Graeme Mudd, longtime member of the Calgary Philharmonic Orchestra’s double bass section, is looking forward to seeing some familiar faces at Electra Rising: Forsyth Cello Concerto on 18 and 19 October. Mudd has been playing with the CPO for 30 years, and in that time, has worked with both the soloist, former principal cello Amanda Forsyth, and the guest conductor, Hans Graf, a Music Director Laureate of the CPO.

Graf’s return to Calgary is always welcome amongst the generation of CPO musicians who worked with the conductor from 1995 to 2003. “It’s just fantastic to have him back,” says Mudd, who took to the Austrian conductor as soon as he joined the ensemble. “Hans’ sole purpose on that podium was to bring out the absolute best in the musicians so that we could serve the music. I felt that I played the bass, and Hans played the conductor. He was literally one of the musicians onstage — his job, rather than playing an instrument, was to bring all of those parts together as a whole.”

Mudd also admired how Graf would react when mistakes were made during rehearsals. “He had this wonderful way of taking the problem upon himself — he would stop the orchestra and go, ‘Let me see how I can make that better.’ And it was one of those unspoken things where everybody onstage knew we had messed up, not him, and then everyone pulled their socks up and just played that little notch better.”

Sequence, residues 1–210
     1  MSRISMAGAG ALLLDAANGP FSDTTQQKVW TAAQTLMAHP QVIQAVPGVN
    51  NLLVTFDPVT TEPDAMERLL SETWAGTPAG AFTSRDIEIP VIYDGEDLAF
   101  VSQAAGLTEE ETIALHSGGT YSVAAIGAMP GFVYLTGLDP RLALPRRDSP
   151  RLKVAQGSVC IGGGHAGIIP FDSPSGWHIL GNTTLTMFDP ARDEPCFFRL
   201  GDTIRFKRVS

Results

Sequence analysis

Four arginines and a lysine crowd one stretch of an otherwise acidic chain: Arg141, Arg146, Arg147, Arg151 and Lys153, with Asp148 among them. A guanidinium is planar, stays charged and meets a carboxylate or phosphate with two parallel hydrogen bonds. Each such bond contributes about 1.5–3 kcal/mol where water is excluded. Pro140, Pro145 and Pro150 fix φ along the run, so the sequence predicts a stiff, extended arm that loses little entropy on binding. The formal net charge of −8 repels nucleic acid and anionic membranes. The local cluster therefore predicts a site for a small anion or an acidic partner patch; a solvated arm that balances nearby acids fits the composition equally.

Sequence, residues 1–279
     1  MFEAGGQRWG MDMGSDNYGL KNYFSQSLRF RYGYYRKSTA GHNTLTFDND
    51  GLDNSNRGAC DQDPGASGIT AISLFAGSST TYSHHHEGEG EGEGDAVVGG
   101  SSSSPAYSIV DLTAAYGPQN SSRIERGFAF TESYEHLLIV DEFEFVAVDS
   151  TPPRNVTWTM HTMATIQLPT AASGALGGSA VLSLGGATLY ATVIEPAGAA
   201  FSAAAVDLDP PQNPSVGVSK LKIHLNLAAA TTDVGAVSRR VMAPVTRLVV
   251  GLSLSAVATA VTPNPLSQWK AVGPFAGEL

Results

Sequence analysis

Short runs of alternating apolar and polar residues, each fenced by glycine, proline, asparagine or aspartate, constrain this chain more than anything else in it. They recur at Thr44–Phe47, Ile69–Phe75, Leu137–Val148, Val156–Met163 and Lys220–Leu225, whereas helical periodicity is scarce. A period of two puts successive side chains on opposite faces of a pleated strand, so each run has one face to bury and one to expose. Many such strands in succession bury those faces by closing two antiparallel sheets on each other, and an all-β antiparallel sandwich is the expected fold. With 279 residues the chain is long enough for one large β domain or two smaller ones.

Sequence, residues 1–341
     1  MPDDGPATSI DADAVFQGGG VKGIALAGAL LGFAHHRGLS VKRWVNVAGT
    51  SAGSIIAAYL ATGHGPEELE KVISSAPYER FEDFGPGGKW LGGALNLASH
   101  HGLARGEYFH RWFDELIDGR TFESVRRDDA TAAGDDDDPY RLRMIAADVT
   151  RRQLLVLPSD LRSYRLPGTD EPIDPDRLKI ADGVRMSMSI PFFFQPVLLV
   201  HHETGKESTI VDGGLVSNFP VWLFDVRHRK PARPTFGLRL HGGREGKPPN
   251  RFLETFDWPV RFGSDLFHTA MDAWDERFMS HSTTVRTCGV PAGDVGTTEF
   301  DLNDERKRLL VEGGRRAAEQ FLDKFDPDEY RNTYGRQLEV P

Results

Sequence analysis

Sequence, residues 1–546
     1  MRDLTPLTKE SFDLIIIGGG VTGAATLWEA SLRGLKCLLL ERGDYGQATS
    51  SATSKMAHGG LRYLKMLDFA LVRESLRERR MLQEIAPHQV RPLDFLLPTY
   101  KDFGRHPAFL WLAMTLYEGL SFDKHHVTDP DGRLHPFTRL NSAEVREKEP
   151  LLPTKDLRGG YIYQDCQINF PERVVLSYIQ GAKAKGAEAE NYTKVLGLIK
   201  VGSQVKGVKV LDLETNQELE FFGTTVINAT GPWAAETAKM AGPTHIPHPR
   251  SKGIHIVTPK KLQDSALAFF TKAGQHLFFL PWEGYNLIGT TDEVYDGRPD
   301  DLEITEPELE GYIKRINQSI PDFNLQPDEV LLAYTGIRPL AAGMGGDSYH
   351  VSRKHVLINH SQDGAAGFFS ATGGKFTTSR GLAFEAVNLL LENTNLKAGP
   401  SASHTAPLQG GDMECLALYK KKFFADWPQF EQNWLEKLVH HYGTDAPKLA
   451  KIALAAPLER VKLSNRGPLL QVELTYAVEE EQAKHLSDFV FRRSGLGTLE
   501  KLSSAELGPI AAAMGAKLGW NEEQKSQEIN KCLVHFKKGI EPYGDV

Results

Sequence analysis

It should come as no surprise, then, that Graf’s nine-year tenure was a highlight of Mudd’s CPO career. In particular, Mudd remembers a performance of Shostakovich’s Symphony No. 5 early in Graf’s tenure that left the musicians wowed. “That synergy that happens onstage — everybody just clicks into a different gear and everybody’s on the same page. I still remember that performance, and it was just electrifying.”

The CPO has been Mudd’s third position with a professional orchestra — he spent five years each with the Victoria and Winnipeg Symphonies before joining Calgary’s double bass section in 1990 — and he’s planning to retire at the end of this Season. “Playing the double bass is very physical — it’s a big, huge instrument and you’re draped over it in an unfortunate way, and your body’s twisted and torqued…. After sitting behind it for 40 years, my bow shoulder is starting to go, and my hearing is definitely suffering,” he says. “I’ve always promised myself I wouldn’t be dead wood at the back of the section, that I would retire while still on my game — I think it’s time to bow out, and give the job to a young, enthusiastic player.”

Mudd is completing his final Season at a time when the CPO is experiencing considerable turnover. In the past two years alone, the Orchestra has hired 15 new musicians. “In the bass section, we’ve got three younger players now,” he says. “They are the real deal — they are strong, strong players. So, in a way, I don’t really want to leave, because we’ve got these fantastic players, but it’s really exciting to leave the section in that kind of shape.”

[Electra Rising: Forsyth Cello Concerto includes Hindemith’s Konzertmusik for Strings and Brass, the Electra Rising cello concerto written by Malcolm Forsyth and performed by his daughter Amanda Forsyth, and Brahms’ Symphony No. 3.]


Written by guest contributor Jill Girgulis

Jill Girgulis is a student at the University of Calgary and a regular contributor for as well as When she’s not busy studying for her Doctor of Veterinary Medicine degree, she can most often be found in one of the first three rows of the Jack Singer Concert Hall.